The ore will be crushed and processed at the site for the production of magnetite, dry process rejects, and wet tailings. The processing plant will use dry crushing and grinding circuit.

The plant will employ the KB 63-130 type gyratory crushers, which will be the largest crushers in the country. The crushers will be used to process raw iron ore from the pit and transfer it to the receiving conveyor. A slewing and luffing radial stacker will be installed to stack the secondary crushed magnetite iron ore onto a stockpile.

The plant will reduce energy consumption and wet tailings waste by more than 30% compared to conventional mining technologies through the use of Enduron® high pressure grinding rolls and GEHO® pumps.

The concentrate produced from the ore processing facility will be pumped to Port Hedland through a slurry pipeline. The concentrate slurry will be dried after reaching the concentrate handling facility and the filter cake will be sent to a stockyard within the Pilbara infrastructure port facility, from where it will be reclaimed for export.

Infrastructure at Iron Bridge project

The Iron Bridge magnetite project includes a tailings storage facility, located north of the mine.

The mine will be operated on a fly-in fly-out basis with an airstrip situated 23km from the mine site.

The village of Japal will be upgraded to include the construction and mining operations. It will include a dry and wet mess, gym and other lifestyle facilities for the employees.

The project requires up to 225MW of electricity which will be provided by low-cost power transmitted from a combination of existing and new generation sources in Pilbara.

The site will utilise medium speed gas generator sets, which have very low fuel consumption and generate fewer emissions. The generators will be integrated with a 150MW solar PV farm and battery storage as part of the Pilbara Generation project in which the company is investing to deliver hybrid solar gas energy to the mine.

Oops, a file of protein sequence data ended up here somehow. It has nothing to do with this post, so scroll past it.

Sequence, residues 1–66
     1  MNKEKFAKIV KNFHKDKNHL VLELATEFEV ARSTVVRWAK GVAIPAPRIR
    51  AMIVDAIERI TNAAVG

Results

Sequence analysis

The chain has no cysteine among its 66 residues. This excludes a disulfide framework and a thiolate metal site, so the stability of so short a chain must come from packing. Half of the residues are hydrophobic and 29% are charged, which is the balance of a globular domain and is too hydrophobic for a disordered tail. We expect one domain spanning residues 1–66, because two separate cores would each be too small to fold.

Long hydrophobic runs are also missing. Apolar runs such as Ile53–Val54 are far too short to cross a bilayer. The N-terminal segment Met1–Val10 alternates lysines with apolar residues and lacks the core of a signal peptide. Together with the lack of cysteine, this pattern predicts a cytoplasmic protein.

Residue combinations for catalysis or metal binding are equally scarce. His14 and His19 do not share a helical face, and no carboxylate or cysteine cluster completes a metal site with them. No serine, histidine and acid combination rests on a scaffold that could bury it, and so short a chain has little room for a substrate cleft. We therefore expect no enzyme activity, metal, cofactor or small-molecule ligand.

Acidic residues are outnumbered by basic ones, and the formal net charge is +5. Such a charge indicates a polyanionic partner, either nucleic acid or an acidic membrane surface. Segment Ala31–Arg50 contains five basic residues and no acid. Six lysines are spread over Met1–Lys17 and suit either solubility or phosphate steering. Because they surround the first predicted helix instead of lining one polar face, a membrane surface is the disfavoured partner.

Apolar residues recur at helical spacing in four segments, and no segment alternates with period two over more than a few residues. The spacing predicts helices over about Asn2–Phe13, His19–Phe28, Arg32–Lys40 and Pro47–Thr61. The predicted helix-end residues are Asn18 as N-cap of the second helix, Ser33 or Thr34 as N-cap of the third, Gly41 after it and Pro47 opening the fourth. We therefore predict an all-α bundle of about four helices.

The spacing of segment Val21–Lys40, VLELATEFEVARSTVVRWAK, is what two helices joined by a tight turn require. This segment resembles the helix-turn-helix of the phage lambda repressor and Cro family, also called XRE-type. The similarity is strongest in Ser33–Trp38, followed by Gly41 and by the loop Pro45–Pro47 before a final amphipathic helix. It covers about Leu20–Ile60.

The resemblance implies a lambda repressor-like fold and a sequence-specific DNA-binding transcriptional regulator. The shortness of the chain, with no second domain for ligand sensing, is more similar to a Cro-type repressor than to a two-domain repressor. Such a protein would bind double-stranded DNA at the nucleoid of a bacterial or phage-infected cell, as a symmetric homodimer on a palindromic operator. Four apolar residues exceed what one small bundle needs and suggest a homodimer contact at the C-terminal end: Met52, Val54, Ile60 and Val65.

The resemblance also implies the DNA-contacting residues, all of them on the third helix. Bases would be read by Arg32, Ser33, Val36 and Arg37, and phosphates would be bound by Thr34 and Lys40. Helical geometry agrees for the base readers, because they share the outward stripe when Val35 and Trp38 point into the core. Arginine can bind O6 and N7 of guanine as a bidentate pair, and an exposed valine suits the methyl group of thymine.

The hybrid energy system is planned to be connected to Fortescue’s new Pilbara transmission network, which will include 275km of high-voltage transmission lines connecting the company’s mine sites.

Contractors involved

Snowden Mining Industry Consultants completed the mineral resource update for the project in 2019.

NRW was awarded a A$70m ($47.03m) contract in February 2020 to perform bulk earthworks and construct drainage system for the mine plant site and associated roads and infrastructure pads.

MACA was contracted to conduct bulk earthworks, including access roads and infrastructure at the site, in October 2019. Weir won a contract to supply crushing and pumping equipment for the mine in September 2019.

Civmec was contracted for the supply of modules and construction of structural concrete components for the dry plant. Thyssenkrupp received a contract to supply two gyratory crushers and a radial stacker for the mine, in April 2020.

PROK is responsible to design, manufacture and supply approximately 170 conveyor pulleys. In August 2020, CPB Contractors was selected to perform concrete and detailed earthworks for the wet processing plant.

In September 2020, Rolls-Royce, along with its agent Penske Australia, reached an agreement to supply 15 medium-speed gas generator sets to Contract Power Group to power the mine. The sets will be shipped from Bergen, Norway in 2021.

Decmil Group was selected to undertake non-mining process infrastructure works as part of a $30m contract, in September 2020. The scope of work will include the construction of a bulk fuel storage and transfer facility and a mobile maintenance complex at the site.

Pindan will design and construct the landside airport for the Iron Bridge project. The company previously received a contract to construct office buildings at the mine site.